There’s a number of important muscles when it comes to competing in athletics, but that hasn’t stopped Caitlyn Morton who has difficulty using many of those muscles. So Morton has demonstrated the most important muscle in sports — and in life — is the heart.
Morton, a 2013 Carson High graduate born with cerebral palsy, has been selected to participate in a national qualifier for the Paralympics to be held next year following the Summer Olympics in Rio De Janeiro, Brazil. If Morton does well enough at next month’s qualifier, she will be heading to Rio De Janeiro for next year’s Paralympics.
“She’s taught me more in her lifetime than I’ve learned in my entire lifetime,” said Carrie Morton about her 19-year-old daughter.
Caitlyn couldn’t have summed up that lesson any better when she succinctly said she’s learned “to be strong and who you are.”
Morton will compete in the 100 meters in St. Paul, Minn., in the national event for the right to compete at the Paralymics.
She was born with cerebral palsy after suffering a stroke during the fourth month of Carrie’s pregnancy. The diagnosis wasn’t made until Carrie’s seventh month of pregnancy, so there was no doubt she was going to have Caitlyn.
“Of course,” said Carrie about her decision to give birth to Caitlyn.
“Had I knew, I still would have, for sure,” said Carrie about giving birth to Caitlyn even if she found out about the diagnosis during the fourth month of her pregnancy.
“The doctors told us she wouldn’t walk or talk,” Carrie said.
Caitlyn obviously proved that diagnosis wrong, but has been dealing with medical issues all of her life due to her cerebral palsy. The medical issues intensified about the time of her freshman year. She ran for the CHS track team as a freshman, but wasn’t able to run again until her senior year. That’s when the CHS track team gave her a chance to participate in the regular season’s last meet in a gracious gesture.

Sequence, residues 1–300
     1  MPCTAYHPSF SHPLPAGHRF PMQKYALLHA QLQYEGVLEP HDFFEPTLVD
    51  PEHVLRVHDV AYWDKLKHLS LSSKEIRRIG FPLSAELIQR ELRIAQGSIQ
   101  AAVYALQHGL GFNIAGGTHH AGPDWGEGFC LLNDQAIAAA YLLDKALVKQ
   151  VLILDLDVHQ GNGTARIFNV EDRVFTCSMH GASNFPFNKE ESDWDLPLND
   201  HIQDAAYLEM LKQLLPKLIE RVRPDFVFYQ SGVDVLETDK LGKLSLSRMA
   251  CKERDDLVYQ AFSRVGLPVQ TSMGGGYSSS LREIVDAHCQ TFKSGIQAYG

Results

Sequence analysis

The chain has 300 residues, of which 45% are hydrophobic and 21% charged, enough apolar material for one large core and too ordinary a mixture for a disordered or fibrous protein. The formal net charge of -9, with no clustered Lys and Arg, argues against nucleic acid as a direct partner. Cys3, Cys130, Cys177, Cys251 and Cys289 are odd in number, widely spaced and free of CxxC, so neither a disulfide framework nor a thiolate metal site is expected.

Another gracious gesture led her to attend William Jessup University, an NAIA school in Rocklin, Calif. Morton’s best friend, Michelle Sandage signed to play soccer at William Jessup. The school also graciously offered Morton a chance to compete for the track team and even offered her a partial track scholarship.
She redshirted last year and competed in track for William Jessup this season. Morton is majoring in psychology with a developmental emphasis and as a way to pay it forward would like to someday work at a Shriner’s Hospital where she has spent much of her time.
Morton’s cerebral palsy essentially restricts the use of her muscles on the right side of her body, especially her right arm and right leg. She has a fused thumb and bent fingers, which prevents her from taking off from a starting block.
She still has difficulty rotating her right shoulder back when she runs. And before heading to William Jessup, Morton had to overcome a major obstacle during her senior year.
Morton went through reconstructive surgery on her right foot, leading her to miss most of the school year during her senior year. “The pain of it was basically unbearable,” said Morton before she had the surgery.
It’s still painful when Morton runs. Morton’s senior project was on what it took for her to run again.
Paralympics representatives saw her run for William Jessup, which led to her being invited to St. Paul for the competition to be held June 19-20. If she qualifies for the Paralympics is to be determined by her time and her classification. She will head to St. Paul about 10 days before the competition to meet with doctors to determine her classification. Morton has a time of 17.8 seconds in the 100 meters.
If Morton doesn’t advance to the Paralympics in St. Paul, there’s going to be other chances. Morton said she obviously wants to qualify for the Paralympics in St. Paul, but would continue to try to qualify if she doesn’t advance.
Before heading to St. Paul, Morton is heading to Rocklin where she’ll train with William Jessup assistant head women’s track coach Veronica Graves.
It will be a busy time for the Mortons as not just one, but two Mortons will be in national competitions next month. Morton’s younger brother, Shane Morton, a CHS sophomore, has qualified for the National Speech and Debate Championships June 14-20 in Dallas. He’ll compete in humorist interpretation.
The website www.gofundme.com/Caitlynsroadtorio has been set up for anyone who wishes to donate to Caitlyn’s trip to St. Paul.
Anyone interested in helping Caitlyn can also call her at 775-220-4574.